“Harm is suffered by the women who sell sex.” Political talk is in gendered violence and Stephens provides multiple accounts as to why the current stigma in politics suggests that women in the sex industry work for ‘paid rape.’ Legislation on the street has been running since 1959 and has been prosecuting those buying sex since 1985. However, in 2009 this legislation was tightened up and so anyone from driving slowly through a Red Light District to conversing with a worker could be prosecuted. This has meant that for the worker, judgment in conversation and negotiation is difficult as they are unable to converse openly about limits, locations and prices, making the women workers increasingly defenceless. For example in Liverpool on a busy night there can be between 30-40 people working the streets and with the tightening of legislation they must work further apart, work longer hours and be competitive. Stephens advocates, “The ideological view that it is the client causing violence is not supported by the evidence.” There is no exact data, nor up to date data, in the UK to support this accusation yet, from Stephen’s accounts we can understand how the worker and client relationship has been put under strain and integrity sometimes must be forgone if they are to continue working.
What Stephens proposes, alongside 700 global organisations including NUS and Amnesty International, is a decriminalization of sex work. This is not the same as legalization, such as what is seen in the Netherlands, but rather calls for the criminalizing of consensual adult behaviour to be abolished. So far New Zealand is the only country that has implemented decriminalization. But, the UK is a long way off this ideal and we are still unconvinced that it will ever be realised. For Amnesty was supposed to send a representative to the SU’s talk with Stephens however, they had to withdraw through fear of a backlash. Since Amnesty has taken a stance for the decriminalization of sex work they have suffered immensely as an organization and on an individual level. Kate Allen has been personally victimised on mumsnet by being called a liar and a pimp. In the sex industry power, sex and money all come together and there is no objective view on the industry as a whole and because of this the whole issue becomes according to Stephens an “incredibly emotive situation.” Amnesty are still trying to find their voice and confidence on the issue however, there is no data readily available in the UK and so it is difficult for organizations to back their argument. Also in terms of political reports and academic papers there are none, at least no peer reviewed, accurate papers. The noise in the media surrounding the sex industry can be harmful and although New Zealand has made ground in placing the industry in a laboured framework we still cannot deny the abuse that occurs in prostitution.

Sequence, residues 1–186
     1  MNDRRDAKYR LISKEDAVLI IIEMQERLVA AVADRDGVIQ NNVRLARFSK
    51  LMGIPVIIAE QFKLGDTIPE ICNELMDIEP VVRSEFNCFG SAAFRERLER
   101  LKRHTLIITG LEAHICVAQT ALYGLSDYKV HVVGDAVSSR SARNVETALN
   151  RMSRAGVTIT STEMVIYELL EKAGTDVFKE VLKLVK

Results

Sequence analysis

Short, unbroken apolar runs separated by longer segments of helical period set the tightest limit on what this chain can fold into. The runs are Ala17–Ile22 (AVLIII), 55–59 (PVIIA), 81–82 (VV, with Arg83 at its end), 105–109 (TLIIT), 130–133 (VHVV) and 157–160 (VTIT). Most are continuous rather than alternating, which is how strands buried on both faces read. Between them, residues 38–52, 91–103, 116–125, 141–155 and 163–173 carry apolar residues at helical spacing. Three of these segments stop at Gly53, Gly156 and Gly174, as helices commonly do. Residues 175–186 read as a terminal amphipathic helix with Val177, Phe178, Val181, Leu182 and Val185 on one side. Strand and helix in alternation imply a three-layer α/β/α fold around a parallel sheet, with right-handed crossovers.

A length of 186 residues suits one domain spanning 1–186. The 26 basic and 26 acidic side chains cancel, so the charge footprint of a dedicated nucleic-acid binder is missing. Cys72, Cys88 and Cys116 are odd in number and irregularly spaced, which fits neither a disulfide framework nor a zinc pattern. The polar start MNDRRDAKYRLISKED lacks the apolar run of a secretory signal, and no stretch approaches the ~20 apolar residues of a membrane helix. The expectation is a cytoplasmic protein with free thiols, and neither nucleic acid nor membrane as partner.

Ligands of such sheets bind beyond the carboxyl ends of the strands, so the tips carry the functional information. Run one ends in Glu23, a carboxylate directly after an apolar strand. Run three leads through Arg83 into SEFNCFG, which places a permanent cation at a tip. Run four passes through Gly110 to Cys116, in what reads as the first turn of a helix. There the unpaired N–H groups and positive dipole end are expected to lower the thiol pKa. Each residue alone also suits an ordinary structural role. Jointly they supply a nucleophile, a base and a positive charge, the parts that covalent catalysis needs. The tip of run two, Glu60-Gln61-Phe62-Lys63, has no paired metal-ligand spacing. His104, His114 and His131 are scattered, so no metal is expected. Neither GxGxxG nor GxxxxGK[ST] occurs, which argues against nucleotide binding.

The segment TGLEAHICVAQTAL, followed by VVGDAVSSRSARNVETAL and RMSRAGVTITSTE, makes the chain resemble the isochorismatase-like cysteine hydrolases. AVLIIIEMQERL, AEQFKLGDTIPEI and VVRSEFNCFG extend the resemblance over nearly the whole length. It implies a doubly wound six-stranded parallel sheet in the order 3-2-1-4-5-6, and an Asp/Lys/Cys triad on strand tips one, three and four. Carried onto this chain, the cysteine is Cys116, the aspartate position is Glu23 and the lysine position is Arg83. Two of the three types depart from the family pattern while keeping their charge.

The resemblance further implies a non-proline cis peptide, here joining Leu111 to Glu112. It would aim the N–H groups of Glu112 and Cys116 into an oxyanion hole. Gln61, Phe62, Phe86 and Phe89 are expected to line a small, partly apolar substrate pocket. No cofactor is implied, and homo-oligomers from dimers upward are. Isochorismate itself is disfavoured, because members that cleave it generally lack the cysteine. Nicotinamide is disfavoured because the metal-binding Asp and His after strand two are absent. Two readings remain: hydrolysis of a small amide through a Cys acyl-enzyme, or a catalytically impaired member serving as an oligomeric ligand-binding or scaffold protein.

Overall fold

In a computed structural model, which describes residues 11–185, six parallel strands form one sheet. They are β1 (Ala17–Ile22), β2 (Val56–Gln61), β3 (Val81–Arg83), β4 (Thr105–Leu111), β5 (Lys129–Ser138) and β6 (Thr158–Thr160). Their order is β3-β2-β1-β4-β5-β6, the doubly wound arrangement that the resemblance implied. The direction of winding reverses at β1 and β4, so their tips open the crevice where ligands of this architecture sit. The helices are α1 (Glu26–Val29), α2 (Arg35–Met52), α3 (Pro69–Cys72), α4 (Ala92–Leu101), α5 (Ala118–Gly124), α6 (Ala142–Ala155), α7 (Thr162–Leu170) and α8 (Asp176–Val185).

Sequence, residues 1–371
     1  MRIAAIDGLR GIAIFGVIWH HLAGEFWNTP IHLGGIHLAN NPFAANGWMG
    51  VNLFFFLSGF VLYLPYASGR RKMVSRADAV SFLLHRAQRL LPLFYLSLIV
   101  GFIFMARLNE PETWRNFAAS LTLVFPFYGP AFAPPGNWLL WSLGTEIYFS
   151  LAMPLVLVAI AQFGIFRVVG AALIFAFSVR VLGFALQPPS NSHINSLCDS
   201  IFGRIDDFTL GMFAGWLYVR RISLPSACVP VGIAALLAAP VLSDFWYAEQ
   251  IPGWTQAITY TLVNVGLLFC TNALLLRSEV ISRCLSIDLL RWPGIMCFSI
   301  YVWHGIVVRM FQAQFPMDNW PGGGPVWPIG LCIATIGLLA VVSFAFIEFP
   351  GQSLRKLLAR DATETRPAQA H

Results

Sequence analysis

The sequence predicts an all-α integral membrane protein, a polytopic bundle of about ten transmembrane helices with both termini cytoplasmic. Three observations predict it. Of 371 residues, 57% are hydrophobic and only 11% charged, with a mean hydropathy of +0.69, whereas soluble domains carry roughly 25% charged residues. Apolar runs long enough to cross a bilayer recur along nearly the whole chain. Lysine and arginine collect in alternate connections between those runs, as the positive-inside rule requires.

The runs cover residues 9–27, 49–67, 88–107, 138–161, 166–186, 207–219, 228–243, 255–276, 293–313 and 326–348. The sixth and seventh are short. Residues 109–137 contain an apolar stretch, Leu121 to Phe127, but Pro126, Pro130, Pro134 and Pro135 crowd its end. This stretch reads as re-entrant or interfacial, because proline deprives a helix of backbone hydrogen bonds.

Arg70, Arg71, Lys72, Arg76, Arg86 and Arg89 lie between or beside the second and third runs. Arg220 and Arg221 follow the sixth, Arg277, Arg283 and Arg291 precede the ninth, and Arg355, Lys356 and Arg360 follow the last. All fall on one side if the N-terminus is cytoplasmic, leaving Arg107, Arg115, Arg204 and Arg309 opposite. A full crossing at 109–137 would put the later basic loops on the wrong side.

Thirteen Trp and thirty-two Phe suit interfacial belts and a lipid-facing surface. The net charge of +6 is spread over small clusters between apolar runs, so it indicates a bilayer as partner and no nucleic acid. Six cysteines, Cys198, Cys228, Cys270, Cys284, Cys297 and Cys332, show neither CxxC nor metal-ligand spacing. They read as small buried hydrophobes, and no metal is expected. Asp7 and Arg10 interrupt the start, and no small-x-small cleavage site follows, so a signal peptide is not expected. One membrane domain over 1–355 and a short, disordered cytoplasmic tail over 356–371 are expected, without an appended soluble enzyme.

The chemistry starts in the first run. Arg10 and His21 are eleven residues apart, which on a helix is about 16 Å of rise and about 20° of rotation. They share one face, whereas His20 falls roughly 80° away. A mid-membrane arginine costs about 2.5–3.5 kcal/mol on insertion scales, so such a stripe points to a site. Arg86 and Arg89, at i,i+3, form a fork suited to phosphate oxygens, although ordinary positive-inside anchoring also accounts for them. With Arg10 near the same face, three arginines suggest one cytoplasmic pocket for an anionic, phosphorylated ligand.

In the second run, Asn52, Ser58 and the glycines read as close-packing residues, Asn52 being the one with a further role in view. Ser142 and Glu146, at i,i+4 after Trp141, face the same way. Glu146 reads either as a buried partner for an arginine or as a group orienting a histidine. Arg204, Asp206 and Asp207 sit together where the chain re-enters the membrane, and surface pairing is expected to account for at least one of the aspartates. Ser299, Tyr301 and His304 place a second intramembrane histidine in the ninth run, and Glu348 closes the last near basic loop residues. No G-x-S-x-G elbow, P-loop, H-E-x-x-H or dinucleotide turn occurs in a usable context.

It would appear to us that the sex worker stands outside of the workforce, as sex work can be more damaging to society and the individual than it is rewarding. This is not to say that in the future with more protection and a change in legislation it could not be profitable and better protected. However, it is it still a dangerous industry in which credibility and safety are held at ransom. We applaud Stephens for speaking out however question her knowledge on migration and politics as she offers a narrowed perspective that does not include society as a whole. Perhaps with more investigation and academic research there would be a deeper understanding yet from what we have gathered the UK is not yet ready to integrate the sex worker in the apparatus of industry.